In addition to Las Cases itself which was both the first truly great aged-claret I ever tried (the 1985), and the best birth year vintage (1979) wine I’ve ever had, I’ve been a regular imbiber of Clos du Marquis from the same estate too.  Clos du Marquis was reputedly the first second wine of Bordeaux (originally offered in 1902) which speaks volumes about Las Cases’ endless pursuit for improvement.  A second wine (which most Bordeaux producers now offer too) is made up of fruit from lesser portions of the estate and younger vines not considered good enough for the Grand Vin.  In Clos du Marquis this encompasses western vineyards further inland from the Gironde and outside what Las Cases considers as the original core of the estate.  As an extension of the sorting table — where poor quality grapes are removed after harvesting — downgrading a portion of your efforts and therefore reducing the amount of Grand Vin produced means that, whilst the estate’s potential profits might be seen to be reduced, the quality of the Grand Vin is obviously increased as a result.  The practice can lead to you reasonably charging more for the Grand Vin counteracting any potential loss — Bordeaux’s history and success let us not forget is solidly mercantile.  The steady improvement and ascendancy of Bordeaux wine could therefore be seen as both testament to and a result of wider global capitalism — indeed the latest form of human civilisation.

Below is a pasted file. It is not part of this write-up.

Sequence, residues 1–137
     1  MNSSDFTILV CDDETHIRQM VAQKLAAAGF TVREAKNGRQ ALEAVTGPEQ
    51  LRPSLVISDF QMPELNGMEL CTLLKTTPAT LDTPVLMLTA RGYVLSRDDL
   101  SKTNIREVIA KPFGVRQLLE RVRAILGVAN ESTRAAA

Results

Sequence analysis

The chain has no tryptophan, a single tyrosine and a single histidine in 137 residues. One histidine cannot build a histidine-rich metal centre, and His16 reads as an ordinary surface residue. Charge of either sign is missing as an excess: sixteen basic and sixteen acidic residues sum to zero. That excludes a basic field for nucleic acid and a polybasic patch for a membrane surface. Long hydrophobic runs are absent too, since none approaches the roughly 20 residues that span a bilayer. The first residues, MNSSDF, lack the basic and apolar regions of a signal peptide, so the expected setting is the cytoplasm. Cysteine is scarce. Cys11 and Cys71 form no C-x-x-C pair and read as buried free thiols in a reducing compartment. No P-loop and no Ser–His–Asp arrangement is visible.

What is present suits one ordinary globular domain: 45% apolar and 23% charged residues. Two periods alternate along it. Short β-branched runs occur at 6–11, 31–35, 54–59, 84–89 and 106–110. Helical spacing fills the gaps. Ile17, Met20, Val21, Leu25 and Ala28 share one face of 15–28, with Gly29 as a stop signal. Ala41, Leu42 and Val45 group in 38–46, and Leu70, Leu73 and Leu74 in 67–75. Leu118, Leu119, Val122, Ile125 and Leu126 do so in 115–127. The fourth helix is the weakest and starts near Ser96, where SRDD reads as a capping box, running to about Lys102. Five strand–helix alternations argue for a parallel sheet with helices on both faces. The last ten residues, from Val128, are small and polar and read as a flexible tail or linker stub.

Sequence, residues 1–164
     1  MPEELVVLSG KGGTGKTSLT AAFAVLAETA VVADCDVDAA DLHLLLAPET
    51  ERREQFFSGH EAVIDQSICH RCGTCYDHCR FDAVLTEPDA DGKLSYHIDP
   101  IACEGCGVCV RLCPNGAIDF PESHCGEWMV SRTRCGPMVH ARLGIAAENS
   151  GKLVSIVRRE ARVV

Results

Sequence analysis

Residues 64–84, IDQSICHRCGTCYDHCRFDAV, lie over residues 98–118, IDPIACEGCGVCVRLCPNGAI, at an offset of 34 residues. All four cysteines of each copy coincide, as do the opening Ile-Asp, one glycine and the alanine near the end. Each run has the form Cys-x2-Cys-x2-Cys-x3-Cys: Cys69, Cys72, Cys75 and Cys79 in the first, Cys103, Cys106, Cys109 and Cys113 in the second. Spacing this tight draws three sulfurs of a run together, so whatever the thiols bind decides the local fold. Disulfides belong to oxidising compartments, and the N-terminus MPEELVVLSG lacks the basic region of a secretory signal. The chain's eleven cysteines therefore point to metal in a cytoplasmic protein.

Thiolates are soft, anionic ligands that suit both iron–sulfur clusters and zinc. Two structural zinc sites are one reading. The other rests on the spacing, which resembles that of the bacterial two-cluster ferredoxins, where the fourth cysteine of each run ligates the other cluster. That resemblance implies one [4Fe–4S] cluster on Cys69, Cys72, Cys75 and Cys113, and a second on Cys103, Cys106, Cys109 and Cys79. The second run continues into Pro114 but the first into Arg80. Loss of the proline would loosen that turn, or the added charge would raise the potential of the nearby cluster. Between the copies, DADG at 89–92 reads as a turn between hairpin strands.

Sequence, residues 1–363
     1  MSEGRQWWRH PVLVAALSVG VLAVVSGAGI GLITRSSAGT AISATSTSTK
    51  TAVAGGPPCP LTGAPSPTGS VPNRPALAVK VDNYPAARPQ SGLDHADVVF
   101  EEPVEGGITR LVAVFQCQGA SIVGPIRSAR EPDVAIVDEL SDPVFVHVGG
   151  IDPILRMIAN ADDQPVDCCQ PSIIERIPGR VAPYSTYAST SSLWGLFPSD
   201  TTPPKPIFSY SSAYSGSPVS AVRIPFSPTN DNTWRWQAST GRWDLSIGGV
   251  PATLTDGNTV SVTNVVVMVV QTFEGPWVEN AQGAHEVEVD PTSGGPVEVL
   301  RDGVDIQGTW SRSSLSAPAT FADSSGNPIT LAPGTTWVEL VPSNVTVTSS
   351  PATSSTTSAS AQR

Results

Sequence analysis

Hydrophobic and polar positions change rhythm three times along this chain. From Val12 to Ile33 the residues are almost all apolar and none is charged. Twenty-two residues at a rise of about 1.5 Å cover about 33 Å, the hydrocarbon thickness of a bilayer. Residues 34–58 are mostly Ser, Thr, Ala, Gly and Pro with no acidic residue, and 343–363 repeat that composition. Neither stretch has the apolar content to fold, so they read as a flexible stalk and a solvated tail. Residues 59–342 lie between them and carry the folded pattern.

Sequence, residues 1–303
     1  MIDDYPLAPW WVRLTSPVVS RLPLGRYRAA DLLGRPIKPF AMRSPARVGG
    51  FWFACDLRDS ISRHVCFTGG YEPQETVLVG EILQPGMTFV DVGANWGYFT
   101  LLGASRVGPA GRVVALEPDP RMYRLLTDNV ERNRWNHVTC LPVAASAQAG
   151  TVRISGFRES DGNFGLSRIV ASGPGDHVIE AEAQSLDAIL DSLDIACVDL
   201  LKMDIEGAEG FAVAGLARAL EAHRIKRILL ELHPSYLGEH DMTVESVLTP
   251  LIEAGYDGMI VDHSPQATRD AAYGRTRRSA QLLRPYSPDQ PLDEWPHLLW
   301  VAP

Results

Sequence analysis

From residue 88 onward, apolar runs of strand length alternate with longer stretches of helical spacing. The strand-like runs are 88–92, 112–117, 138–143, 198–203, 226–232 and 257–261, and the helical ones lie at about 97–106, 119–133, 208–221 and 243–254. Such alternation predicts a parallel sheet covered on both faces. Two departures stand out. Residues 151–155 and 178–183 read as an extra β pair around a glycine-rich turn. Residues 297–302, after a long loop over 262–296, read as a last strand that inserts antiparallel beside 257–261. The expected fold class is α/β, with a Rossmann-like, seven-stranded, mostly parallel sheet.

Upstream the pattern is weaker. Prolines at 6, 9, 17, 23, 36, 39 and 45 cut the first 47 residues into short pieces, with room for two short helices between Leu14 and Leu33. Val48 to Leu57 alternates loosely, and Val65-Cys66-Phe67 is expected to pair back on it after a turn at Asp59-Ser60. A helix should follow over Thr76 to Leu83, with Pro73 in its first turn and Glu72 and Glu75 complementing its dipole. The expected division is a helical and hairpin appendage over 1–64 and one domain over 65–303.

Clos du Marquis is one of my regular favourite wines.  As one would expect, it is extremely well made and provides all the Saint-Julien character one might reasonably hope for.  Like Poujeaux above, it has always been extremely well priced given its quality too.  Given this quality, its own proud and long history, and fact that it itself shares the same terroir as many other estate's Grand Vin it is now no longer being made as a second wine proper and is instead being produced and offered as a distinct Grand Vin itself.  As a result since 2007 a new second wine "Le Petit Lion" has been made at the estate.  From the few bottles I have enjoyed this too is excellent and befitting the reputation of Domaines Delon - Las Cases owners.  Those intrigued by Leoville Las Cases but who have suffered large financial losses backing favourites can look to Domaines Delon's estate Château Potensac mentioned in the previous article.  This is solid well made Medoc.  They also offer a second wine Chapelle de Potensac too (both Senior household favourites too).

Chateau Poujeaux's website can be found here:  www.chateaupoujeaux.com

Domaines Delon's website can be found here: www.domaines-delon.com